It was felt that in the current situation of widespread cultural confusion about marriage and the family and the human suffering that this can bring, there is an urgent need for leadership in today's world and that such clear leadership can only come from the Church. Such leadership is an urgent part of the Church's service to contemporary society and a failure to give such witness would be to fail humanity.
It recommended the examination of possible paths of repentance and discernment by which, in particular circumstances, a divorced and remarried person might participate in the sacraments; and about providing alternatives, such as a deeper appreciation of the classical wisdom and value of spiritual communion.
On the subject of the pastoral care of persons with homosexual tendencies, the group noted that the Church must continue to promote the revealed nature of marriage as always between one man and one woman united in lifelong, life-giving, and faithful communion.
On the question of openness to life, it was noted that in many areas of the world children are seen as a burden rather than a gift of God. The group stressed that children are really the supreme gift of marriage. Hence, while not making the other purposes of matrimony of less account, the true practice of conjugal love will help couples to be ready with generous hearts to cooperate with the love of the Creator who through them will enlarge and enrich His own family day by day. In this light, the group felt that the Church should revisit and give a positive reevaluation of the message of the Encyclical Humanae Vitae for the formation of conscience regarding family planning.
From the 3rd English group moderated by Archbishop Joseph Kurtz
Anglicus Group C was surprised by the release of the Relatio to the media…
We should not fall into the trap of thinking, or in some way conveying, that marriage and family are a failure, no longer appropriate to our times.
We rightly wish to welcome, without judgement or condemnation, those who, for some reason, are not yet able to express life-long commitment in a marriage between a man and a woman. We wish also to give them encouragement, to help them recognize their own goodness, and to care for them as Christ cares for his sheep. We wish them to know that they are loved by God and rejected neither by him nor the Church. In expressing such sentiments we may inadvertently convey the impression that marriage is not important, or that it is an ideal that only a few select people can achieve. It is possible that some may even have the impression that all unions are equal.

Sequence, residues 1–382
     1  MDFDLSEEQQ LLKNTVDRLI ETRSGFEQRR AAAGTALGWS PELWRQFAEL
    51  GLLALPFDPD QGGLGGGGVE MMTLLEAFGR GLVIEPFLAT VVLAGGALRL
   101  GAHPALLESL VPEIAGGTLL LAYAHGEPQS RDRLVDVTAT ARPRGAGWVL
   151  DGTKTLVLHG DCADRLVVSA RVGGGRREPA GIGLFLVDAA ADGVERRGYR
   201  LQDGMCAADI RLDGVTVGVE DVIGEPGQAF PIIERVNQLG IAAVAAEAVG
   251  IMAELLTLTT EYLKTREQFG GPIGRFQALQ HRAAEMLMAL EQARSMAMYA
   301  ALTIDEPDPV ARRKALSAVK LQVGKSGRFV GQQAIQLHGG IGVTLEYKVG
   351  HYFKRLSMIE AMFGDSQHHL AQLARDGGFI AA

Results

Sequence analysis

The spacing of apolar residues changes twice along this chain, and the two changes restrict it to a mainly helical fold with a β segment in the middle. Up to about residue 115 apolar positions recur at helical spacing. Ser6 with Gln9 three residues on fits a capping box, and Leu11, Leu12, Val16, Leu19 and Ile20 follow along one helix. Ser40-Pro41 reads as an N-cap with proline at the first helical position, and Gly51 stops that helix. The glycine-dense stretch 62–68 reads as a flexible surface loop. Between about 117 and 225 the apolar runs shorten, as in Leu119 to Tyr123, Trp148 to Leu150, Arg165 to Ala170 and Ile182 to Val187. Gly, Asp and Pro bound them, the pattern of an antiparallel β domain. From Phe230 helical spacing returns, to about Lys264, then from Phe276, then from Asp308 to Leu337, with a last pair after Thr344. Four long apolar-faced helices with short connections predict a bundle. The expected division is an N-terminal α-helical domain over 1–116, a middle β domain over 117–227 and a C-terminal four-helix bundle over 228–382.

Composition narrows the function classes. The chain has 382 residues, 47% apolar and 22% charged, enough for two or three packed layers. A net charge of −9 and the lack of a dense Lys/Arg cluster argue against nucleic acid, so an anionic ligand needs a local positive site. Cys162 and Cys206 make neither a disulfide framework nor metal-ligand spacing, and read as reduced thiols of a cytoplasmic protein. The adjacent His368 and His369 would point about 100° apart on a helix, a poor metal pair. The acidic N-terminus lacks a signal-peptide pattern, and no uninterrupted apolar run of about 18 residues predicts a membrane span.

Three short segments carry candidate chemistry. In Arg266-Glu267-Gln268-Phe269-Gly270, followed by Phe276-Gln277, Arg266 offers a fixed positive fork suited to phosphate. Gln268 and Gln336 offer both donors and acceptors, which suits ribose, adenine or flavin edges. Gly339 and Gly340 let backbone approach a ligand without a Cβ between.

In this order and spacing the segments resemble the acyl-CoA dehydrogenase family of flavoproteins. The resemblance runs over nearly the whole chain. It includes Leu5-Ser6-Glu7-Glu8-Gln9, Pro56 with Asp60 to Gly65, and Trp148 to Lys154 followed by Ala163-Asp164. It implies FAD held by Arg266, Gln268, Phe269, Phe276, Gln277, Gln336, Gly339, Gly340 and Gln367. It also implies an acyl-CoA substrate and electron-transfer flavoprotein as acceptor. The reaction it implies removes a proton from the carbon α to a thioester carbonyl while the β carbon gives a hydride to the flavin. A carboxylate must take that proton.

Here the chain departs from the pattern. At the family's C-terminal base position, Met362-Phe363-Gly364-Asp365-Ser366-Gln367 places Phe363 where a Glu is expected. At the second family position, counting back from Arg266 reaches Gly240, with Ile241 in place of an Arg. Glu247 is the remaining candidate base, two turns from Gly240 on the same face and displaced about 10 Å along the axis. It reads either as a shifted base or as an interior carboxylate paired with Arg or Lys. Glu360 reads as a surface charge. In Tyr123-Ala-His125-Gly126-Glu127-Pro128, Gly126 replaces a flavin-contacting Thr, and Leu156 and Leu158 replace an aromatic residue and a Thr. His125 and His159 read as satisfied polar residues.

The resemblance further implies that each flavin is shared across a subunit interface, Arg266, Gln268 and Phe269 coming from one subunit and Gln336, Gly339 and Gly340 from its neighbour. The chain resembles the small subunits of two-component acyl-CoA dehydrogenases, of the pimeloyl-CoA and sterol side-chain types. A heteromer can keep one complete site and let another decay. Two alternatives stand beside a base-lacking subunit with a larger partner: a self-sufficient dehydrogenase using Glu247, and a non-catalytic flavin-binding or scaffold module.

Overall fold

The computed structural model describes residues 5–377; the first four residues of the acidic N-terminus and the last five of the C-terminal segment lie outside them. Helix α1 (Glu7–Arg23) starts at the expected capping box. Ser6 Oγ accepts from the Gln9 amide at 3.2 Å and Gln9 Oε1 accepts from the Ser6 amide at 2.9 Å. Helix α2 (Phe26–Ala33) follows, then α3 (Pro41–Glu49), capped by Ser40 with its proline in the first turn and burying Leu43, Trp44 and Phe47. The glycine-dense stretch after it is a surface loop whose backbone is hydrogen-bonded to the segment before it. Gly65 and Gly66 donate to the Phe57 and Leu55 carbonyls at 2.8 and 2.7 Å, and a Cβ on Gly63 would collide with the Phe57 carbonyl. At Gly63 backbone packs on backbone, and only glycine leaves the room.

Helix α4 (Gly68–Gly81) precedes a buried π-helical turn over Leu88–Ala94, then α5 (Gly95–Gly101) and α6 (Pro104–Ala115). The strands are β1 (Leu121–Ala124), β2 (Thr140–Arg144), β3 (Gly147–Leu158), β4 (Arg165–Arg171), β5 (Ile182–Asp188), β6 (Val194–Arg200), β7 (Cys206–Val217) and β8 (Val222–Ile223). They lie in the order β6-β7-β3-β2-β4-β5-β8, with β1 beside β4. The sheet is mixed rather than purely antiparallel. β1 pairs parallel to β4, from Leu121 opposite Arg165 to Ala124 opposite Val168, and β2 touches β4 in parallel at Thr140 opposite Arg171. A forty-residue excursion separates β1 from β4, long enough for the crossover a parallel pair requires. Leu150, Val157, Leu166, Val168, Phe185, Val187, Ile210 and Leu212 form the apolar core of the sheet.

For this reason, we felt it necessary to carefully define the meaning of the law of gradualness, which should not be understood as gradualness of the law. Gradualness should not make insipid the challenge of the Gospel to conversion, to “go and sin no more”, as Jesus said to the woman caught in adultery. The aim of recognizing gradualness should be to draw people closer to Christ.
From the 1st Italian group moderated by Cardinal Fernando Filoni (translation by Maria Dalgarno)
The need therefore emerged to suggest to the Secretary that Part II should be re-written proposing in a clear and joyful way the matrimonial life designed by God our Creator, in Genesis, and ‘resumed’ by Jesus, searching – in this regard – to bring out what Jesus Himself said and did, remembering the experience of the Family of Nazareth, likewise the meetings of Jesus with the Samaritan, the adulterous woman and with the newlyweds who found themselves with empty wine-vats.
It was re-affirmed that the union between people of the same sex cannot be compared to marriage between a man and a woman, expressing the concern to safeguard the rights of children to grow up harmoniously with the tenderness of the father and mother.
From the second Italian group moderated by Cardinal Angelo Bagnasco
The final text must necessarily show that it is a continuation of the Teaching Magisterium in this regard. The pastoral character of this Synod, on the other hand, must show even more that there is no break between the doctrine and pastoral, but this (pastoral) is based on the first (doctrine) and it expresses the truth in the daily life of the christian community.
It seems that there is some fear in expressing a judgement on different topics which have become by this time dominant cultural expressions. This does not appear to be coherent with the prophetic mission which the Church possesses. It is important that the text expresses at best the prophetic role which the Pastors and the Christian community possess knowing well that we are not in search of an easy populism … but that we have the responsibility to express also a judgement which comes from the Word of God.
The words addressed to the prophet Ezechiel: “When you hear from my mouth a word, you have to inform them in my name…” (Ez 3, 17-19). This becomes evident above all in front of situations which are surmised as a form of de-instituting marriage and the family in force of asserted alleged rights.
From the 3rd Italian group moderated by Archbishop Angelo Massafra
All of the Fathers of the Circolo press for clarity on the final document, expressing this directly at the beginning of the text.
The majority of the Fathers said they were surprised at the public dissemination of the Relatio post disceptationem; others, conscious that this was the practice in former synod assemblies, suggest avoiding this in the future.
It would be appropriate to return to the practice of publishing the interventions of the individuals.
Consider it essential that the Relatio restate in an explicit way the doctrine on marriage, family and sexuality, without hesitation in recourse to “sin” and “adultery” and “conversion” with respect to the situations which objectively conflict with the Gospel of the family. The same fathers insist on the fact that to use euphemisms may cause misunderstandings among the faithful, above all due to distorted interpretations made by unskilled press.